Dramatic growth in Indonesia foreshadows greater demand for study abroad

In a recent post, we pointed out the important role that emerging markets will play in driving global demand over the next decade. The ASEAN states, with their combined population of 600 million and briskly growing economies, are a key emerging-market bloc. Needless to say, there are a number of promising study abroad markets within this group – Vietnam and Thailand included – but the most populous ASEAN state, Indonesia, appears poised to garner more attention from international recruiters in the future.

Economic boom

In a presentation at the 25th Annual EAIE Conference in Istanbul last fall, Professor Rosie Bateson of the Universitas Siswa Bangsa Internasional (USBI) reported that Indonesia has shown strong and almost unwavering economic growth, since emerging from the 1997/98 Asian Financial Crisis:

“From… 2000 to 2010, it had the most consistent and third largest GDP growth, of 6% per annum, in the world (behind only China and India), and weathered the Global Financial Crisis of 2008 better than any other Asian country. All projections indicate that this growth will continue for years to come as Indonesia becomes one of the largest economies in the world.”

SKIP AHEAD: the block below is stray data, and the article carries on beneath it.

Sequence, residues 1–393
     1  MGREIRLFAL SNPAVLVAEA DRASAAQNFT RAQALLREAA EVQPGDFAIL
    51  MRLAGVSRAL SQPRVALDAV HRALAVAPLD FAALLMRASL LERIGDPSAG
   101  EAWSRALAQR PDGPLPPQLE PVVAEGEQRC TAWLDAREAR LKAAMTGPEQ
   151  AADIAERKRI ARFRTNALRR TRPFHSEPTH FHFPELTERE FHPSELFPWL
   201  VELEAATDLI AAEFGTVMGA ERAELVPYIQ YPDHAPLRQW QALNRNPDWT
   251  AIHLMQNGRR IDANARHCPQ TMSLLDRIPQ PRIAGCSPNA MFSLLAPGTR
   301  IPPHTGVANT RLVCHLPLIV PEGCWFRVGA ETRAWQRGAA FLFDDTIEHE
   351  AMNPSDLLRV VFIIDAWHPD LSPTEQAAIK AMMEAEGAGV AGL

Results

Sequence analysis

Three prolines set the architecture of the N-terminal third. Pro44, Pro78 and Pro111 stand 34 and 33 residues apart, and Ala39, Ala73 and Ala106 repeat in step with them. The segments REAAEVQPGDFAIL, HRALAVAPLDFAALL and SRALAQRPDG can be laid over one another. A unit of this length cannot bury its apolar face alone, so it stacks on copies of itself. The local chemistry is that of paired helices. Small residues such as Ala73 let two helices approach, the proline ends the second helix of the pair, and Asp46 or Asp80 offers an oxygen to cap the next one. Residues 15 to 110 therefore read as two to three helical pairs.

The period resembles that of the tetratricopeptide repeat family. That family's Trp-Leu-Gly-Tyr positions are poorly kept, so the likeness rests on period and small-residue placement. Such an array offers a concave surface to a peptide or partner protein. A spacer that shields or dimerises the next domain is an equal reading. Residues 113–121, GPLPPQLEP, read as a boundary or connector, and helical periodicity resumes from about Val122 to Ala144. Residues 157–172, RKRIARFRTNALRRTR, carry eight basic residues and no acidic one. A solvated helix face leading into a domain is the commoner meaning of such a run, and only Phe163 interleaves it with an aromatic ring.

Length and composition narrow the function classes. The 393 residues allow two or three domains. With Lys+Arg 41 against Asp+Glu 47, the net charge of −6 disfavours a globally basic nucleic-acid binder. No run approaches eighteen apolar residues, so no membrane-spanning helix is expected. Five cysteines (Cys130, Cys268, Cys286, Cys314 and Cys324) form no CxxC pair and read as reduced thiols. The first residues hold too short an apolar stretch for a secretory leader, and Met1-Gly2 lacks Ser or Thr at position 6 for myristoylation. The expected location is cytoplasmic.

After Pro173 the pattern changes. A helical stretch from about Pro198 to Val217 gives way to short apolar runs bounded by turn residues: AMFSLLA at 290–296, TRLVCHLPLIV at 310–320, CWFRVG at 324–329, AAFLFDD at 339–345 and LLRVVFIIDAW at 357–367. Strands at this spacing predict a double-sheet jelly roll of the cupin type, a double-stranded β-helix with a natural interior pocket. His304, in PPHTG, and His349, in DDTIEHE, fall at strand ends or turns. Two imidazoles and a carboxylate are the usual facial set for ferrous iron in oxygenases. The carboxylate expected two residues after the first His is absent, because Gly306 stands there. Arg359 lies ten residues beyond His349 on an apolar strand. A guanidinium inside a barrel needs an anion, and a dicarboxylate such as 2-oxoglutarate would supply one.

The presentation also predicted the increase in the size and wealth of Indonesia’s consuming class as follows:

  • The number of families with household incomes exceeding US$10,000 is predicted to double by 2020.
  • Average disposable incomes are expected to increase at 3-5% per year.

Many observers and analysts have projected the Indonesian economy will move into the world’s top 15 economies in the next decade. A 2012 report by McKinsey & Company notes that the Indonesian economy is the 16th largest in the world, showing strong performance over the past decade or more, and is more stable and diverse than many external observers realise. The same McKinsey report goes as far to suggest that, by 2030, the country could be the world’s 7th-largest economy, overtaking the United Kingdom and Germany.

This reflects both the projected year-over-year growth in the Indonesian economy for the next decade and more, as well as some of the country’s remarkable underlying strengths: its large population, demographics, resource base, and growing household incomes.

McKinsey notes that by 2030, “Indonesia will be home to an estimated 90 million additional consumers with considerable spending power” – that is, members of a “consuming class” with annual net incomes of US$3,600 or more.
indonesias-population-by-income-level
Indonesia’s population by income level. Source: McKinsey & Company

A March 2013 report from the Boston Consulting Group echoes these projections for a dramatic change in household income over the next decade, stating that the number of MACs [middle class and affluent consumers] in Indonesia is expected to double from 2012 to 2020, from 74 million to 141 million. When this occurs, the island of Java will have more MACs than the whole population of Thailand, according to the report. This projected growth in spending power is also strongly linked to a value system that prioritises investments for the family.